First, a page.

Norms can have a Positive or a Negative effect.
So, what are some positive NORMS? One that attributes to efficiency and productivity………or reduces risk. This could be something like a verbal shift turnovers always takes place even though the organizational procedure requires documentation in a turnover ledger. Encourage and lead a discussion to get audience to share some other positive NORMs
Simple stated Negative Norms are ineffective and can have a negative impact on the organization. Notice the person standing on the top of the ladder, that is placed on top of a stand. Is this the way it happens at your facility? Ask audience to share some other Negative NORMS.
Corporate culture can (and often does) breed both positive and negative norms. It can either encourage or discourage norms. If you work for a company can you share it’s Corporate Culture? Are you encouraged to speak up when things are not right or is best to keep your mouth shut and go along? If you’re a self employed or independent AMT, what is your safety culture? Have you adopted any negative or positive Norms?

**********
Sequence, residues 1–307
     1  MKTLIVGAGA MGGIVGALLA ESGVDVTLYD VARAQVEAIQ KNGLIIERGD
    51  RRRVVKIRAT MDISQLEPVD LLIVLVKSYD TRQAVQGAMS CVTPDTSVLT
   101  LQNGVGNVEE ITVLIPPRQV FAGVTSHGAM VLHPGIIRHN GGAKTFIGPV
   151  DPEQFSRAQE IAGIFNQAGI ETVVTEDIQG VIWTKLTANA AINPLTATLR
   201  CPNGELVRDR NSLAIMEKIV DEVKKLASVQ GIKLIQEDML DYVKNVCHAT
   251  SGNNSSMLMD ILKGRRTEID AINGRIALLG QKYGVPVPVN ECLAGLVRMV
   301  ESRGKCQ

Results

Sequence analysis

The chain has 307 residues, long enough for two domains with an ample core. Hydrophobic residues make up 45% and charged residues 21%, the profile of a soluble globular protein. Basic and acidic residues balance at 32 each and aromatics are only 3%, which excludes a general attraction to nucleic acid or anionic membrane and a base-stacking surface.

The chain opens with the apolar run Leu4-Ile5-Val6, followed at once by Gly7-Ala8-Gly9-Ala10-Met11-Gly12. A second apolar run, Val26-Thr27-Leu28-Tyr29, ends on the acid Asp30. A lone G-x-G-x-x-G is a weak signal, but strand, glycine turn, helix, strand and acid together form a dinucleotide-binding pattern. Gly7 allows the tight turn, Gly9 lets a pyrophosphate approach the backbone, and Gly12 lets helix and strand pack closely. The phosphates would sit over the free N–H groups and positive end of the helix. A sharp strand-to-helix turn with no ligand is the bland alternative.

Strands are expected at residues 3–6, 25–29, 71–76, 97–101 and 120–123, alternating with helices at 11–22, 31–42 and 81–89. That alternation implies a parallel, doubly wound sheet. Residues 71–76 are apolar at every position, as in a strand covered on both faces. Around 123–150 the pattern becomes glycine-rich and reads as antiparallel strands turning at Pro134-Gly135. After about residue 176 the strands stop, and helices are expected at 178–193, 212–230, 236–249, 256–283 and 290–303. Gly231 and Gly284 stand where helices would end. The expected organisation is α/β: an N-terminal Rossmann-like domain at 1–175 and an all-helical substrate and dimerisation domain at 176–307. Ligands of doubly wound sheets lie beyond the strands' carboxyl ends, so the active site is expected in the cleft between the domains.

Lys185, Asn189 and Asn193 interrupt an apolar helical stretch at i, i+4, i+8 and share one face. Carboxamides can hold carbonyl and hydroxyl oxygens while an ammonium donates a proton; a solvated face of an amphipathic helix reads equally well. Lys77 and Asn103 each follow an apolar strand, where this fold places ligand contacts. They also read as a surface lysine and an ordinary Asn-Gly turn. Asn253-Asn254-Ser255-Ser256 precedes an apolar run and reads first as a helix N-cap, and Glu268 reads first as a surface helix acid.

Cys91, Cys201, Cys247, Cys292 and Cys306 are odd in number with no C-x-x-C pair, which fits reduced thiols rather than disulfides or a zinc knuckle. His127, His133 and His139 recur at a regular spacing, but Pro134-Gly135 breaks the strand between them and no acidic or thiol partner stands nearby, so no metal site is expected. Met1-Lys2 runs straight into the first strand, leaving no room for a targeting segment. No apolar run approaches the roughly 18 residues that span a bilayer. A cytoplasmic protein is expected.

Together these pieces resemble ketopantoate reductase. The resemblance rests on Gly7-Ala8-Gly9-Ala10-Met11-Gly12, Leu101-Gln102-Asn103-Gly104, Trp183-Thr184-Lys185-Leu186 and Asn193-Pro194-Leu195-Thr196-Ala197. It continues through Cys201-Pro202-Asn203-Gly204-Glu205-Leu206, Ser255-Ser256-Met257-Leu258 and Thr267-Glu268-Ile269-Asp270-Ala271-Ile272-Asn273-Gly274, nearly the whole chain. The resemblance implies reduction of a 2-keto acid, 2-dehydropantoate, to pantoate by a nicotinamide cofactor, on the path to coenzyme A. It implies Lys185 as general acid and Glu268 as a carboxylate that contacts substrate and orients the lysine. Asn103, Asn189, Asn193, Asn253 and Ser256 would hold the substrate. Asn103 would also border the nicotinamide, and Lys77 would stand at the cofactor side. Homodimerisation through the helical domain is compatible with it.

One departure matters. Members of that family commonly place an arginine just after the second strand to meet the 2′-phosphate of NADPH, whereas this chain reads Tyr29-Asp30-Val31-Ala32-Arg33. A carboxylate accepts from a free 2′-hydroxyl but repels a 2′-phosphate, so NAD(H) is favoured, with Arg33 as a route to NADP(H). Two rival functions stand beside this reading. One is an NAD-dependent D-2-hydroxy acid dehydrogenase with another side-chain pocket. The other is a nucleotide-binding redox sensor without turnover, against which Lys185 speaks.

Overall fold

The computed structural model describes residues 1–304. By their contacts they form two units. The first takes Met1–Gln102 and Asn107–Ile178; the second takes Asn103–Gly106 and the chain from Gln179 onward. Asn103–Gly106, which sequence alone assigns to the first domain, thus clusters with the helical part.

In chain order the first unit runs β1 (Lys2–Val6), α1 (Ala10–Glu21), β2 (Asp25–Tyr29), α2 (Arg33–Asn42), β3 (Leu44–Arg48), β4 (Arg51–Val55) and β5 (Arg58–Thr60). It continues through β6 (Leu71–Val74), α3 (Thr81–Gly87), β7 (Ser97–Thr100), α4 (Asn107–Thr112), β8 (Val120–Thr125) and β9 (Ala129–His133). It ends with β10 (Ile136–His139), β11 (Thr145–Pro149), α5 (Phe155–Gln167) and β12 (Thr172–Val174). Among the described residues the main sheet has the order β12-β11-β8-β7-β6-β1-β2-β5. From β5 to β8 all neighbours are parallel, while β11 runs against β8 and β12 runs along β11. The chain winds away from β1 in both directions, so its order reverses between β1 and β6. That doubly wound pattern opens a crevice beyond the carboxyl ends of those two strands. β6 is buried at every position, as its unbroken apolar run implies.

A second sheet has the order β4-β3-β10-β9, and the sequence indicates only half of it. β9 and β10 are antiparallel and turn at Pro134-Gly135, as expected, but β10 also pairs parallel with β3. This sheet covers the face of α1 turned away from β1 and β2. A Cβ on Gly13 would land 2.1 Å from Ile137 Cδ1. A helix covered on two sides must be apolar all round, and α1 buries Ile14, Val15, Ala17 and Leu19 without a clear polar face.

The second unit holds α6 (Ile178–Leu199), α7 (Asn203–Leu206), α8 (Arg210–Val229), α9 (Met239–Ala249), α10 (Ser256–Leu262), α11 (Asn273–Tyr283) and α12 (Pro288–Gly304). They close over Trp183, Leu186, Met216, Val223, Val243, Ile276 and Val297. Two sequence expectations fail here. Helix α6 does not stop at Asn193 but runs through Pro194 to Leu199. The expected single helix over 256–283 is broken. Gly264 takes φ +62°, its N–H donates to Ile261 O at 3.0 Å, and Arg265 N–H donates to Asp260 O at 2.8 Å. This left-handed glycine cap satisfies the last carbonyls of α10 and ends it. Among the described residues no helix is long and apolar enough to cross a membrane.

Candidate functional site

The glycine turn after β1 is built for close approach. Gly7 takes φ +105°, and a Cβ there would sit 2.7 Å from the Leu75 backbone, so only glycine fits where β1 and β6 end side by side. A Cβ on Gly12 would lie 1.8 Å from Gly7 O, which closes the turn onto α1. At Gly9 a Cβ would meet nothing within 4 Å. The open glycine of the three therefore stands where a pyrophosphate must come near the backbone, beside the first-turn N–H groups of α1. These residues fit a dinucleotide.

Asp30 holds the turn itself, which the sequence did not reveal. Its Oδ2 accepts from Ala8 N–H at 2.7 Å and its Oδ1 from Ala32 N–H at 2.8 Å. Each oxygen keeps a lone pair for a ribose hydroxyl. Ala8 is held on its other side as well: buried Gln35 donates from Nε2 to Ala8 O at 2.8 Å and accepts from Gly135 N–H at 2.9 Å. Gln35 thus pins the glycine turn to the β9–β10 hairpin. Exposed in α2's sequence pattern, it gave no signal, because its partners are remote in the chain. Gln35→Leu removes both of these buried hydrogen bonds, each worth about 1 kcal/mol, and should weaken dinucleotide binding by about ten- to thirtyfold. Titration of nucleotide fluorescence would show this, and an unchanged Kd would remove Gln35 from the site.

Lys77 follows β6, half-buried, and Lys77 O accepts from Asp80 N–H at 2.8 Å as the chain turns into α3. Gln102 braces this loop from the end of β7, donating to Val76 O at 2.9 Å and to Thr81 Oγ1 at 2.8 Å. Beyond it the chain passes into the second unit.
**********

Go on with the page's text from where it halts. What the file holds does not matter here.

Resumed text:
Just because a norm is the way that it has always been done does not make it right. Often they are handed down practices from “seasoned” AMT’s to new “fledgling” AMT’s. Negative norms can be the holes in the cheese. When the holes line up undesirable things can happen. They can be a time bomb, just waiting for the right event to trigger it. You can be assured if it is triggered your life may change in an instant. You could be facing disciplinary action, enforcement or heavy legal bills. However the worst ever is the mental anguish if your negative norm caused loss of life!!
How can you tell if it is a positive or negative norm. Ask the question. Does the norm enhance or detract from an established procedure?